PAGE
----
PAT NEAL: The tale of the 100-pound salmon

Who says there’s no good news? A new world-record Chinook salmon weighing over 105 pounds was recently landed by a lucky angler.

This beats the old record set on the Kenai River in Alaska in 1985 — it was a 97-pound monster.

It also beat another contender caught in 2021, in Rivers Inlet, by a lucky British Columbian who released this king salmon in front of dozens of other anglers. This giant Chinook was 55 inches long and 38 inches wide and estimated to weigh about 100 pounds.

The phrase, “hundred-pound salmon” should ring a bell on the Olympic Peninsula.

In 1790, the Spanish Capt. Manuel Quimper bought two salmon weighing 100 pounds that came from the Elwha River.

People have been coming to the Olympic Peninsula searching for these legendary fish ever since then. The 100-pound salmon was the mascot for the Elwha Dam Removal Project that began in 2011.

Billed as the largest salmon restoration project in the world, it was hoped that the removal of the Elwha dams would allow the river to run free from the mountains to the sea, and eventually restore the historic run of salmon on the river to an estimated population of 400,000 fish.

Unfortunately, this optimistic prediction overlooked the fact that no other river on the Peninsula that has not been dammed, running free from the mountains to the sea, has retained its historic runs of fish.

By any measurement of fisheries restoration, the Elwha Dam Removal Project has been a bitter disappointment.

At first, a five-year fishing moratorium was declared on the Elwha. This was increased to seven years and is now going on 12 years after dam removal. With millions being spent on standard salmon restoration strategies — building log jams, buying property and planting native vegetation — there is not even a rumor of the Elwha ever being open to fishing again.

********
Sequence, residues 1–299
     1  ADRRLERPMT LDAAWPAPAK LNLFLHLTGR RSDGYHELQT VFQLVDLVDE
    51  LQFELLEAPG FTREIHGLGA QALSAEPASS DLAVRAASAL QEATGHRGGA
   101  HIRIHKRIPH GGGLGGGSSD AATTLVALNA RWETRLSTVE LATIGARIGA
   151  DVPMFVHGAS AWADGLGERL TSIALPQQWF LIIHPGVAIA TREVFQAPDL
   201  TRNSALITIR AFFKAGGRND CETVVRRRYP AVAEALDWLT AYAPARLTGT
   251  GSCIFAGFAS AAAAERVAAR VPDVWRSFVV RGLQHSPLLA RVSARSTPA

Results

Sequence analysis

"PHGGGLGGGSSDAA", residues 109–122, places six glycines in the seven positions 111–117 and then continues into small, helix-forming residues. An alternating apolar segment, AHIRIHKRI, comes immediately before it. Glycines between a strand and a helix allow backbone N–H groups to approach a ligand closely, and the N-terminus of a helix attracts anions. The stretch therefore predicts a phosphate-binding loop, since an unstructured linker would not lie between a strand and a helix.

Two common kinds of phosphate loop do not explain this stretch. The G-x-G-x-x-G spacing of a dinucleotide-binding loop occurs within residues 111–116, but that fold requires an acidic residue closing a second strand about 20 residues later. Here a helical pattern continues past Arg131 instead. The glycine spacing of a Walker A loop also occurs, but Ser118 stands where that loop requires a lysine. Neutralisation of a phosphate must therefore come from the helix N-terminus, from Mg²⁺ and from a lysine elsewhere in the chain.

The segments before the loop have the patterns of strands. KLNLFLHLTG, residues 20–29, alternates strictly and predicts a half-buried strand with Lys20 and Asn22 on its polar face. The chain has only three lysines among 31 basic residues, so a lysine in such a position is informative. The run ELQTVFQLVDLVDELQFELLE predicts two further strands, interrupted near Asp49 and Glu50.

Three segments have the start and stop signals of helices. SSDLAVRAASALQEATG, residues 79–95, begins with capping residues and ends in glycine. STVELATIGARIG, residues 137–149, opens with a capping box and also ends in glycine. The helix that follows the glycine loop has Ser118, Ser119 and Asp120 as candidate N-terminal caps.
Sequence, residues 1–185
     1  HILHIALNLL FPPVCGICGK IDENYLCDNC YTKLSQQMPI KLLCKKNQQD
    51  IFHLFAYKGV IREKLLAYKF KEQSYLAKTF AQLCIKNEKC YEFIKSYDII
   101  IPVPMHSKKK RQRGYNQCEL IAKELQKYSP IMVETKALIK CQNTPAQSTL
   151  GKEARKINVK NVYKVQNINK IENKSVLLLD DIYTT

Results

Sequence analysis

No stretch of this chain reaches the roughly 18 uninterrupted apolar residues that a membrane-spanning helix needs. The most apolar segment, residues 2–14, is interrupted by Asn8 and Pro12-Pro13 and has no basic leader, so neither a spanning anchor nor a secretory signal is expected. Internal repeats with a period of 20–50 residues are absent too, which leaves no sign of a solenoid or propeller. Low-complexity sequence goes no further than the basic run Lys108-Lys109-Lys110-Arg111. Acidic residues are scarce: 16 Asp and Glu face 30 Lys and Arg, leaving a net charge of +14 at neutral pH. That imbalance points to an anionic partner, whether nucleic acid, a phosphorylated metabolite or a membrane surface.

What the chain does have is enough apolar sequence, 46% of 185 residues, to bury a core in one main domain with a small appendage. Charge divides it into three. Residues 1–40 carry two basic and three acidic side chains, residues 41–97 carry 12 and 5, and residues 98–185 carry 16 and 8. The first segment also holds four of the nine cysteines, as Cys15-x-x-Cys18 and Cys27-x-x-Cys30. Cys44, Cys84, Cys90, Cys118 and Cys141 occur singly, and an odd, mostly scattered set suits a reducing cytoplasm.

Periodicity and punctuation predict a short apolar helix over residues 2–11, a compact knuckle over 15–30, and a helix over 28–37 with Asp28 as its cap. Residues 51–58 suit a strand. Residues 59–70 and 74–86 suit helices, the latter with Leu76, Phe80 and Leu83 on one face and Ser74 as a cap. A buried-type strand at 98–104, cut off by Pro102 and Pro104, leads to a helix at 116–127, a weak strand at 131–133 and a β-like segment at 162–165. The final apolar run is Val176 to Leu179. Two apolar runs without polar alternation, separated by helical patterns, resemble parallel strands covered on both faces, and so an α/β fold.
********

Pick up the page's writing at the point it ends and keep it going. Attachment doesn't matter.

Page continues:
This is a normal state of affairs in Washington, since our salmon restoration industry does not pretend it will restore our salmon, but only the conditions in which the salmon might one day theoretically return.

As to why salmon are not returning to the pristine salmon habitat within Olympic National Park, a U.N. Biosphere Reserve, it is theorized that something might be happening to the salmon once they leave this pristine habitat.


We can only hope someone is studying the problem.

We have only to look at the Elwha’s neighbor, the Dungeness River, to see how 30 years and millions of dollars spent in salmon restoration has failed to produce anything but more threatened or endangered fish in this once legendary salmon and steelhead stream.

It should come as no surprise that this new world record 100-pound Chinook salmon did not come from any stream in Washington.

It was not even caught in North America. It was caught in Chile!

It’s ironic that the world-class Chinook salmon fishing in Chile was created by planting eggs from Washington State fish hatcheries in their rivers back in the 1980s.

Here in Washington, we have been deluded into believing that fish raised in fish hatcheries are genetically inferior.

After over 100 years of planting hatchery fish in every river in Washington, we are told to believe that it is better to have dead rivers with no fish than rivers full of hatchery fish.

This makes sense to the salmon restoration industry that has been able to monetize the extinction of our salmon and profit from this environmental disaster.

Perhaps you believe that a 100-pound hatchery Chinook is genetically deficient, but it’s better than no Chinook at all.


Pat Neal is a Hoh River fishing and rafting guide and “wilderness gossip columnist” whose column appears here every Wednesday.

He can be reached at 360-683-9867 or by email via